DISCUSSION

(1) Did the Commissioner err by failing to properly evaluate opinion evidence?

Plaintiff first presents arguments regarding the ALJ’s rejection of a portion of treating physician Dr. Jos Cové’s opinion (see Opening Brief, Dkt. 9, pp. 4-8). Specifically, plaintiff contends that Dr. Cové’s findings were not based largely on self-reports, and thus the ALJ erred when he discredited Dr. Cové’s opinion for this reason (id.).

Dr. Cové submitted a declaration on June 6, 2012 (AR. 539-42). Dr. Cové opined that plaintiff would not have the capacity to stand or walk for at least six hours per day during an eight-hour workday (AR. 541). Additionally, Dr. Cové opined that plaintiff could only occasionally use his upper extremities to reach above his head and straight forward (AR. 541-42).

The ALJ found that

Dr. Cove opined the claimant could would (sic) be unable to stand or walk six hours in an eight-hour workday. Ex. 13F/3. He opined the claimant could occasionally use his upper extremities for overhead reaching. Ex. 13F/4. Dr. Cove last examined the claimant in April of 2009. Although his opinion regarding the claimant’s ability to reach is based on his examination of the claimant’s particular injury, his assessment of the claimant’s ability to stand and walk appears to be primarily based on the claimant’s subjective complaints, rather than physical examination. Indeed, Dr. Cove’s examination revealed the claimant had a good range of motion in his shoulders and fair range of motion in his neck. Ex.10F/5. As such, Dr. Cove’s opinion regarding the claimants (sic) limitations for reaching is given significant weight, but his opinion regarding the claimant’s ability to stand or walk is given only limited weight.

(AR. 25).

According to the Ninth Circuit, “[an] ALJ may reject a treating physician’s opinion if it is based ‘to a large extent’ on a claimant’s self-reports that have been properly discounted as incredible.” Tommasetti v. Astrue, 533 F.3d 1035, 1041 (9th Cir. 2008) (quoting Morgan v. Comm’r. Soc. Sec. Admin., 169 F.3d 595, 602 (9th Cir. 1999) (citing Fair v. Bowen, 885 F.2d 597, 605 (9th Cir. 1989)). This situation is distinguishable from one in which the doctor provides his own observations in support of his assessments and opinions. See Ryan v. Comm’r of Soc. Sec. Admin., 528 F.3d 1194, 1199-1200 (9th Cir. 2008) (“an ALJ does not provide clear and convincing reasons for rejecting an examining physician’s opinion by questioning the credibility of the patient’s complaints where the doctor does not discredit those complaints and supports his ultimate opinion with his own observations”); see also Edlund v. Massanari, 253 F.3d 1152, 1159 (9th Cir. 2001). According to the Ninth Circuit, “when an opinion is not more heavily based on a patient’s self-reports than on clinical observations, there is no evidentiary basis for rejecting the opinion.” Ghanim v. Colvin, 763 F.3d 1154, 1162 (9th Cir. 2014) (citing Ryan v. Comm’r of Soc. Sec. Admin., 528 F.3d 1194, 1199-1200 (9th Cir. 2008)).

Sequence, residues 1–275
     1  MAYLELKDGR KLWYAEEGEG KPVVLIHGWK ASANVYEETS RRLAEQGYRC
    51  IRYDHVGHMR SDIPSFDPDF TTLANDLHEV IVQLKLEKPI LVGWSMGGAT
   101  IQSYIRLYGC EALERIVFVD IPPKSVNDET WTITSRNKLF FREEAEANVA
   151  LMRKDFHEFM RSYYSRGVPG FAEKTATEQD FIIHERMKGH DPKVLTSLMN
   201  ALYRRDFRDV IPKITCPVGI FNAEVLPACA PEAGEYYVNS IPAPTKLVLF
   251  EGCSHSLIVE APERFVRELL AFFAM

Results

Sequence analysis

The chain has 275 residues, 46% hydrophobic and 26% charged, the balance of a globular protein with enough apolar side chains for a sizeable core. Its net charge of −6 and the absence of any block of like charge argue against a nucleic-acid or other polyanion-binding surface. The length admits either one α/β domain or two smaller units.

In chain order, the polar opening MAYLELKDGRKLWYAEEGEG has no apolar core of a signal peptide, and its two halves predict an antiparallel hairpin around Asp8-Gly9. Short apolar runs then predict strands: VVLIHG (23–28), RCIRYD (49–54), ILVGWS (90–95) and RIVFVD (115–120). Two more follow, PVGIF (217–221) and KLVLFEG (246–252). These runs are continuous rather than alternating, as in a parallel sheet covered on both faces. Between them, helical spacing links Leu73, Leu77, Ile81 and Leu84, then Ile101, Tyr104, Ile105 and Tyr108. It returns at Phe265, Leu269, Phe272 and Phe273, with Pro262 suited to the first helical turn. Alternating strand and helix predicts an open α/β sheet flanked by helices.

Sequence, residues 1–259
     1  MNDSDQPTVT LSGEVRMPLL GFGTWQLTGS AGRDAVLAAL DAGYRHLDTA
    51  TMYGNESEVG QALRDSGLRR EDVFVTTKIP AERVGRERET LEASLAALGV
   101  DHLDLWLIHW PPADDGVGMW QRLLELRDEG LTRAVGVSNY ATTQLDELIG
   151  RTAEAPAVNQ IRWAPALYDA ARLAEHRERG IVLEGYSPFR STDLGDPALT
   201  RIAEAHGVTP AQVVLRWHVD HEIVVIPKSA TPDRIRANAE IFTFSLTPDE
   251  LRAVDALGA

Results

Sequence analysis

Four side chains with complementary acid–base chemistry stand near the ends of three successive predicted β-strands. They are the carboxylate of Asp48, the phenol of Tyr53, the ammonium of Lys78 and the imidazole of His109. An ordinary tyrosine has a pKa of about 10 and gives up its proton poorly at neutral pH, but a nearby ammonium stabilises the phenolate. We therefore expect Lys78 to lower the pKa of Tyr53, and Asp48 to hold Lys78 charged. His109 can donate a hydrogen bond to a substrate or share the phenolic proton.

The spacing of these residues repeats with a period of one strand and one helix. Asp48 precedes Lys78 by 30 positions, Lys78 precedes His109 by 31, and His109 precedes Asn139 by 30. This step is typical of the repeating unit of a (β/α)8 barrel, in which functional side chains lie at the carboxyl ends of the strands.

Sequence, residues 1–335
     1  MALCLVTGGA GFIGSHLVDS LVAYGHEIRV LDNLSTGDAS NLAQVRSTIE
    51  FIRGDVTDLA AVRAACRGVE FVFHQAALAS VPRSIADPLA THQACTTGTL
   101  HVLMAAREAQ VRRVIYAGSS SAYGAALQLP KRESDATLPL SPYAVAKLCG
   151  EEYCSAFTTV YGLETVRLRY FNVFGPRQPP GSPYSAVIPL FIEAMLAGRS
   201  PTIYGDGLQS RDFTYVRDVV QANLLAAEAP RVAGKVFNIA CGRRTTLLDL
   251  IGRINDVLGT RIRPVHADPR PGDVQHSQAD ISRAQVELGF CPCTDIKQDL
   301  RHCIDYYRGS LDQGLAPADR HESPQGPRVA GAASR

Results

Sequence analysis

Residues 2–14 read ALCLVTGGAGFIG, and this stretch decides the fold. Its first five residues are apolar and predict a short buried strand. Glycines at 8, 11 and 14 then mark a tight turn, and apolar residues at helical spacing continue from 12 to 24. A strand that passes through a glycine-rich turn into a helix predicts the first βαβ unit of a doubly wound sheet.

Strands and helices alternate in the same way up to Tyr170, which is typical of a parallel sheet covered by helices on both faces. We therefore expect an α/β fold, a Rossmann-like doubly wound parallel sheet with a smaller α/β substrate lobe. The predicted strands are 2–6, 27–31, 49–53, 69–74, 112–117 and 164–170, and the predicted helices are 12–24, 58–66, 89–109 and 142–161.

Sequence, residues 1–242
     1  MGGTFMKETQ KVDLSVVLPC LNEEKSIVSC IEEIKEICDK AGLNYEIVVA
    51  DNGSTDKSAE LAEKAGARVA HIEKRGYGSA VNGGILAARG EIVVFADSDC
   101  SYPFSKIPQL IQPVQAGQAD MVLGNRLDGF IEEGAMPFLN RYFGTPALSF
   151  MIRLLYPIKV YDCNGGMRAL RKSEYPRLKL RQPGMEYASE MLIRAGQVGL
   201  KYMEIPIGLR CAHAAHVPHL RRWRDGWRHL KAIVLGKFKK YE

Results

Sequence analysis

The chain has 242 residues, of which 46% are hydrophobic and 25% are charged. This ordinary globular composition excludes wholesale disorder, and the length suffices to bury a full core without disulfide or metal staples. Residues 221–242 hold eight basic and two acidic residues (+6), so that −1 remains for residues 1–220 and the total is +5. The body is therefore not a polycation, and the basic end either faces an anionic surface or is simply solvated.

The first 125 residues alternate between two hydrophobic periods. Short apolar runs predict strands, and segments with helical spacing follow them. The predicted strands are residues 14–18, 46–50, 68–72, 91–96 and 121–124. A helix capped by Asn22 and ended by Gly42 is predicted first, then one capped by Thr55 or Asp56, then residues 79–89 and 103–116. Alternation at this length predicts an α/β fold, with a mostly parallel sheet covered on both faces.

In support of his opinion, Dr. Cové explained that every time plaintiff stands and/or walks plaintiff is placing a ten to fifteen pound weight (his head) on his diseased cervical discs (id.). Dr. Cové stated that placing “that amount of weight on [plaintiff’s] diseased cervical spine, [] will cause pain because of the inflammation and degeneration of the spine” (id.). As a result of multiple levels of degeneration, plaintiff’s joint surfaces are no longer smooth and he has friction between the joints (id.). Dr. Cové explained that due to this friction plaintiff “would have increased pain when he has to support his head with just his neck muscles and spine as he has to do when he stands and/or walks for prolonged periods” (id.).